I am an avid Kayak Angler and think they outclass float tubes in every possible way, except perhaps if you plan to hike a long ways then fish. I have two Wilderness Systems yaks, a Tarpon 120 (12 foot) and a Ride 135 (13.5 foot). With the Ride, stability is not even a thought. I always stand and fly fish from it. No need for outriggers and all that stuff with a correct hull design for fishing. I'm not comfortable standing in the Tarpon, but many people do. When seated, you would need to try very hard to dump either one. The Tarpon is a quicker, lighter, and faster boat than the Ride and possibly it is a better river yak than the Ride. The Ride is ultra stable, easy to maintain speed when travelling, and a super fishing machine in everything but small streams. I'm a fan of Wilderness Systems, but there are several other purpose-built fishing kayaks which are just as good or better depending on what your expectations are.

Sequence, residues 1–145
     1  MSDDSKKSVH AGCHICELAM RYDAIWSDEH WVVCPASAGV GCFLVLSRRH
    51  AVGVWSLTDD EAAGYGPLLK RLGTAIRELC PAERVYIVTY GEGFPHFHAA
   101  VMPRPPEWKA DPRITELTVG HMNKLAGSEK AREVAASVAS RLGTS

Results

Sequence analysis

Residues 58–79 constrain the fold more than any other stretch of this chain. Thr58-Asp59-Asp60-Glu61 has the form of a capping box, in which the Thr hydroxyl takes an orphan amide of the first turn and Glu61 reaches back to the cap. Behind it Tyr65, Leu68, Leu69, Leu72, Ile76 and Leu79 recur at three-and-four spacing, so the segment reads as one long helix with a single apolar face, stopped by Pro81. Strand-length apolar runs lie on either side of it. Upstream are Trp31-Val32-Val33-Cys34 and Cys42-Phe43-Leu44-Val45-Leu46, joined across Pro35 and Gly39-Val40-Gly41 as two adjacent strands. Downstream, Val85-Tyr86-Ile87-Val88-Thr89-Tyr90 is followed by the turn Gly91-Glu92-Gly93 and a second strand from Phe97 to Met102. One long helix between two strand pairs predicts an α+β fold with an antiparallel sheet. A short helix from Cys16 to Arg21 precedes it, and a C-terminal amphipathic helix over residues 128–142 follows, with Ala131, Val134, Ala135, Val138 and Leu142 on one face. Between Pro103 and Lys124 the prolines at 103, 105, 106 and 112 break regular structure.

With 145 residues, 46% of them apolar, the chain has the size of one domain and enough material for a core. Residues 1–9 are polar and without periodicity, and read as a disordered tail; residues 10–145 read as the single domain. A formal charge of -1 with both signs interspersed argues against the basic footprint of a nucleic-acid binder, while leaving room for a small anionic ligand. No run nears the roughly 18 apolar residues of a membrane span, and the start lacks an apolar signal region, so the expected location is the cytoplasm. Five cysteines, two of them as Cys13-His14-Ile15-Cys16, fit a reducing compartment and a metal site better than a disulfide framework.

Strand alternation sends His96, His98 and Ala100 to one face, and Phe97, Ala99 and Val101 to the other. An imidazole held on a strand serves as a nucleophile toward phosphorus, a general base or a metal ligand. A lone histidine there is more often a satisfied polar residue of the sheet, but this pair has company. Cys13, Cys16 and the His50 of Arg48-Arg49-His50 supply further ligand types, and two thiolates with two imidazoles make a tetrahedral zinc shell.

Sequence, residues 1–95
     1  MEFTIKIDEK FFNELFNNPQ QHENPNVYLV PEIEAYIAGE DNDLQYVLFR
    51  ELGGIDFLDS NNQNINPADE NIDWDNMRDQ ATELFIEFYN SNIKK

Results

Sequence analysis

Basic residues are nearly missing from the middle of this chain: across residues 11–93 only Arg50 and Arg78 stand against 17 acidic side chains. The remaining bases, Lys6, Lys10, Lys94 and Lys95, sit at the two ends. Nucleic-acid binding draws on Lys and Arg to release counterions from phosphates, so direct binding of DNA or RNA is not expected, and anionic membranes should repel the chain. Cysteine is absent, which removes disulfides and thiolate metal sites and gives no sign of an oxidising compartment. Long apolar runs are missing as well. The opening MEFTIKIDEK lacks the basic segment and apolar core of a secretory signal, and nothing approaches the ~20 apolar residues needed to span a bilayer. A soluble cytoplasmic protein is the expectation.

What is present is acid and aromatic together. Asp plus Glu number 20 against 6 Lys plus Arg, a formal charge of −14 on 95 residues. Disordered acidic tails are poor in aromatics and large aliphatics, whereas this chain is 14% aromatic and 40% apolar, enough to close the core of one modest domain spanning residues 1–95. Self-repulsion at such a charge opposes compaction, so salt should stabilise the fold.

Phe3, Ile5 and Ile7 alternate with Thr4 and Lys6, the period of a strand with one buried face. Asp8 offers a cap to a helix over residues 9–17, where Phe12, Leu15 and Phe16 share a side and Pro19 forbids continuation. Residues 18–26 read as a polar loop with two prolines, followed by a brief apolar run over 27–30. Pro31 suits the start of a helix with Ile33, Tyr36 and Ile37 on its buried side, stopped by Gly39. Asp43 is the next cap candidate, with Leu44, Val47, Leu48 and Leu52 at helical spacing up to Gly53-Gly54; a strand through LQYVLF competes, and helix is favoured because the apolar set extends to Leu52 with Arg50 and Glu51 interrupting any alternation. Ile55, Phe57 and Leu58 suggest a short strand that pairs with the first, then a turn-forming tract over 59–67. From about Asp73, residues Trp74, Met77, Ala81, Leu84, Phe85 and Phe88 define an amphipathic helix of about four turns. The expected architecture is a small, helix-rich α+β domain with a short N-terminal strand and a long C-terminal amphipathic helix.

Sit On Top models are much more fishing-friendly than Sit In Kayaks in almost every possible way. They are also heavier and generally slower. There are exceptions to every rule.
The FreedomHawk kayaks seem to have a pretty good following, but I don't have any experience with them. IMO the built in outriggers are two more things to break or malfunction.
Fishing specific SOT kayaks are going to be somewhat heavy and that figures into transport. My Ride135 weighs about 80 pounds. I have no trouble putting it on the roof rack of my car even with a wrecked shoulder and ruined back. It is all about technique, doing it correctly, and staying strong enough to get out of your own way. If you will be chucking it in the back of a pickup or putting it on a trailer, then it is no issue at all.
There are no "cons" to kayak fishing in my opinion. You won't be able to do as much open water Great Lakes fishing as folks in regular boats, but that is about it. I fish Lake Erie in my Ride135 several times each year. Got to play the weather and use your head. You will be out in the elements, but proper clothing and common sense solve those issues.
If at all possible, go to a decent paddle shop on one of their demo days and try to paddle as many different kayaks as you can. Kayak fit and usability are very personal things. Nobody can really tell you which one is "best" for you, but you can make some informed decisions.